A virtual town hall meeting Monday to update the Timbergrove community on amendments to a plan that originally called for adding two temporary buildings to Houston ISD's Sinclair Elementary - while removing 23 mature pine trees from the campus - was attended by more than 80 people, including representatives of both Mayor Sylvester Turner and Houston City Council member Abbie Kamin.
Principal Lee Mashburn announced a revision to the school's expansion plan, which he described as a “polarizing issue.” Sinclair now plans to install one modular building of eight classrooms and one restroom building before the start of the 2021-22 school year, which Mashburn said will require the removal of 8-12 trees.
Mashburn said he had met with faculty and staff before the town hall and received positive feedback about the modification.
“I appreciate that HISD has come to the table and is listening to constituents’ concerns – that’s what we had asked of them along with an alternative plan that would protect the trees,” Kamin said. “Because this new proposal was just announced (Monday), we are still reaching out to residents to see how they feel about it. Neighbors and parents of the school have been so engaged, and it’s important for their voices to be heard.”
Sinclair parent Jacki Schaefer described the decision as politically conscious, calling it “one in which everyone ended up getting a little of what they want and a little of what they didn’t.”
In January, Mashburn advocated for two new modular buildings because of projections that Sinclair’s enrollment, now at 589, would top 700 by the 2025-26 school year.
At this week’s meeting, Mashburn said the one new building would address the campus' capacity needs for the foreseeable future while maintaining the open play area with soccer and baseball fields at 6410 Grovewood Ln.
He said the timeline would still allow the HISD facilities team to implement the project in time for the 2021-22 school year. And he stressed that acceptance of the new building would not preclude Sinclair from being considered as part of any future HISD bond projects.
Mashburn said there would be a notification on the school’s website at least 24 hours before the trees are removed.
Mashburn said the existing temporary buildings on campus, which are more than 30 years old, will be updated as needed and utilized in the upcoming year, perhaps as science or writing labs.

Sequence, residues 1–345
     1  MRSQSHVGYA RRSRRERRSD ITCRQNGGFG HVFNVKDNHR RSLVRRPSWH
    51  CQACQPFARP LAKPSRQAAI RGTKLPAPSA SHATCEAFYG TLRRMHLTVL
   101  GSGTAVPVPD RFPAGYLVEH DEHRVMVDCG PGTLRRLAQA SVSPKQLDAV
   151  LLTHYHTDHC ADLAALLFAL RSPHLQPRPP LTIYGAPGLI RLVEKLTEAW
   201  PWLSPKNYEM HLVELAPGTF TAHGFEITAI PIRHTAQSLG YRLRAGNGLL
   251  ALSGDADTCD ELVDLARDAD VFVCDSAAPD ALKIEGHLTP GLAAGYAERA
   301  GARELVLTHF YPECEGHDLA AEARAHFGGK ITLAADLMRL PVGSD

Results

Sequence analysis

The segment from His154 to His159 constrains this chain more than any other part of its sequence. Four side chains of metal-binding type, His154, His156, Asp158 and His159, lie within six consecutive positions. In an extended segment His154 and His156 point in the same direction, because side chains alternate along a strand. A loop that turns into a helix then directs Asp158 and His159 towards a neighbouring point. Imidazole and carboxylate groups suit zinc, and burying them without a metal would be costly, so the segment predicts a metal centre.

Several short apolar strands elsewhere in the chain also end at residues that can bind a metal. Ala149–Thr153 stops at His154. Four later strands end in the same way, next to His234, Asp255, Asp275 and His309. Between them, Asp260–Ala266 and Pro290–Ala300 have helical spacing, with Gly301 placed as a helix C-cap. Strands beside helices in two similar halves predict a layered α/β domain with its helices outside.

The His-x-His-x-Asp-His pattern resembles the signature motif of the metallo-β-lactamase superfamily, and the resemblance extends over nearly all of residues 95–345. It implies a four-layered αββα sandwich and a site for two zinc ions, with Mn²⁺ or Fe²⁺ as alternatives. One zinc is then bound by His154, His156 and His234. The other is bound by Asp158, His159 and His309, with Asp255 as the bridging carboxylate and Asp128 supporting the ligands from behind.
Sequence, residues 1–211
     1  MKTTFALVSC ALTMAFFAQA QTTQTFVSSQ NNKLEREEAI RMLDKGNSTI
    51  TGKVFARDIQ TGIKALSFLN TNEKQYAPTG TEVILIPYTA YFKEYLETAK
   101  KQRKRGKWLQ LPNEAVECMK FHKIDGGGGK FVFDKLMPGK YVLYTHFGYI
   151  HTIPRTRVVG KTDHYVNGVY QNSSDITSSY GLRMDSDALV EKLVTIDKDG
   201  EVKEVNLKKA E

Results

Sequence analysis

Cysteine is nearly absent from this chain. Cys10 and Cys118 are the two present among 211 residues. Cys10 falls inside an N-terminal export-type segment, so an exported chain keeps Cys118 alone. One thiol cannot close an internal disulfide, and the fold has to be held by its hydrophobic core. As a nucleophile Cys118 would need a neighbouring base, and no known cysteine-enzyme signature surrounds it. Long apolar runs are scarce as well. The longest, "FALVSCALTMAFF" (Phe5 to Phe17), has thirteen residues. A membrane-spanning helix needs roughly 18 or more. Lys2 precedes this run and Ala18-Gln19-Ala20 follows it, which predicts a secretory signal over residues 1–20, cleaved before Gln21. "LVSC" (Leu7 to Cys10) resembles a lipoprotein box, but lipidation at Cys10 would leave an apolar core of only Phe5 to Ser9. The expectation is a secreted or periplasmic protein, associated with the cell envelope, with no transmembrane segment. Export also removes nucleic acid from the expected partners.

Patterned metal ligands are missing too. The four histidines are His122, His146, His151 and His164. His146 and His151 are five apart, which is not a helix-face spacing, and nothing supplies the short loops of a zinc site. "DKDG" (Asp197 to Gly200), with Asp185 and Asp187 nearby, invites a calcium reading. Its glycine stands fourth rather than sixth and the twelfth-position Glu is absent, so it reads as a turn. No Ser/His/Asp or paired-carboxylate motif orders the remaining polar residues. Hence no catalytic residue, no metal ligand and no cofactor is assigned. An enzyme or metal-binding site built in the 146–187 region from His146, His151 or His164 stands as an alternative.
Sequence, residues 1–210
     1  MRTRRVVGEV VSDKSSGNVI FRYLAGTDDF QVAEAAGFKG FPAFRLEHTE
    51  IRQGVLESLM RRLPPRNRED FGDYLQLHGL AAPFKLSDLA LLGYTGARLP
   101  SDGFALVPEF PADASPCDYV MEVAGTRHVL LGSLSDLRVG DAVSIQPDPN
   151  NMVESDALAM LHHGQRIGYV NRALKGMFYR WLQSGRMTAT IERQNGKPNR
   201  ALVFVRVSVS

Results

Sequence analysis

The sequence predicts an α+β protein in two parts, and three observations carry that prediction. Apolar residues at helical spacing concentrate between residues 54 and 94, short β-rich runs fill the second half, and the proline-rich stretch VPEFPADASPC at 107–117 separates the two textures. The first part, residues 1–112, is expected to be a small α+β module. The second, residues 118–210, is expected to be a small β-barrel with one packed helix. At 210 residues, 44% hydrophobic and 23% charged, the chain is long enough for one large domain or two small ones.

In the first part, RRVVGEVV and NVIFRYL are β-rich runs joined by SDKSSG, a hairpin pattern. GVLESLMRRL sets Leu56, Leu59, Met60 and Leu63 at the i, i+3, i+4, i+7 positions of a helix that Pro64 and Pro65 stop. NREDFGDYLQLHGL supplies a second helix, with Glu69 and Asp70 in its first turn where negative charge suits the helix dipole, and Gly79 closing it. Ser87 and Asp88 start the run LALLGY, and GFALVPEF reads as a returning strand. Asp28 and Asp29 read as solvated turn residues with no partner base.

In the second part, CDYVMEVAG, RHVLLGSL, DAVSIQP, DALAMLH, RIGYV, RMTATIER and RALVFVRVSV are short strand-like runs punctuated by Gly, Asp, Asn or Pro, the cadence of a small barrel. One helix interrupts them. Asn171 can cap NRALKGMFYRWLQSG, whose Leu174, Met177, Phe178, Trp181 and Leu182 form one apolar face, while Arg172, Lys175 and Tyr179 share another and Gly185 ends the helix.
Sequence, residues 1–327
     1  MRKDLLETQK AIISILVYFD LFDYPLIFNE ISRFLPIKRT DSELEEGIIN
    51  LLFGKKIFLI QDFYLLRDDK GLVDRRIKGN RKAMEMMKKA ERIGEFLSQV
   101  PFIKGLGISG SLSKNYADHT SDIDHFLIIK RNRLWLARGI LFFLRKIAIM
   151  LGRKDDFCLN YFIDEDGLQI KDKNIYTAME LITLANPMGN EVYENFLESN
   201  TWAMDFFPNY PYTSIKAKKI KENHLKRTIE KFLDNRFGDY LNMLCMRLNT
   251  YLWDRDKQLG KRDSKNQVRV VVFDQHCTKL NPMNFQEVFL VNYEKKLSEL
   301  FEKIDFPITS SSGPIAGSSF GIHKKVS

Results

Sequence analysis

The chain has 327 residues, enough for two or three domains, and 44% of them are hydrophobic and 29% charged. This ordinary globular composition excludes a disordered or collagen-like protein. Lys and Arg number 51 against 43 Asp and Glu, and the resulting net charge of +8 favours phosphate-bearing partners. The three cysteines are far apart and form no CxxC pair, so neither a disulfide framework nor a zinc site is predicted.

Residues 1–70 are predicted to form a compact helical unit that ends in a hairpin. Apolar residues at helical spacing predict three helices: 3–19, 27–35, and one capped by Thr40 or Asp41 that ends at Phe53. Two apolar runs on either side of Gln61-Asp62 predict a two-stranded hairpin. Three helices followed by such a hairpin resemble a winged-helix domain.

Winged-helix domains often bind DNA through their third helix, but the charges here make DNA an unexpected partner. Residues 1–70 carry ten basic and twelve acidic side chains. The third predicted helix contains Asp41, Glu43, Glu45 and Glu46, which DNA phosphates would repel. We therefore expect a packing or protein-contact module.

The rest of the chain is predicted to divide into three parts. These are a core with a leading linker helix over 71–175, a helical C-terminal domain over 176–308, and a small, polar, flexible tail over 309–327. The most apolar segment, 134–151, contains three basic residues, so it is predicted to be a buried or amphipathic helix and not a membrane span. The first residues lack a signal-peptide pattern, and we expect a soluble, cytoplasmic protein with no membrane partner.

The principal also said there will still be a need for a stormwater retention area, but that it would not be a retention pond that would hold standing water long term.
Schaefer said she wonders what will happen to the rest of the money allocated for the project, which was earmarked at more than $3 million. Mashburn did not provide an estimated cost for the revised plan.
“I continue to wonder about these oldest buildings - the ones that are so decrepit and unsafe that the principal and district all agreed we needed to offset some of them,” Schaefer said. “The ones that continue to drain maintenance time and money from HISD and other campuses. How can we so easily turn around and accept them as a continued part of campus?”
Miles Sasser, president of the Timbergrove Manor Civic Club, said the compromise was a positive in that additional feedback was taken and the original plan changed when community input was considered.
Sasser said he was a little surprised the previously expressed need for two new buildings, which was described as urgent last month, could so easily be adjusted to one. And he questions how COVID-19 might change the school landscape.
“My company is still virtual until at least summer and I know of other companies that will be partially or mostly remote next year,” he said. “I wonder if people’s changing work patterns will change where they decide to live. If people are only committed to drive to work one or two times a week, will more of them decide to move to the suburbs?”
Sasser knows more high-density development is coming to the area but feels the hampered pace caused by the pandemic will give the school more time to evaluate and plan for the long term.
Sinclair parent Traci Riley said there will be wins in other Houston school communities because of the neighborhood advocacy on this issue.
“HISD cannot continue to operate in silos and our area elected officials are taking notice,” Riley said. “Decisions that have a multi-generational impact should be made together.”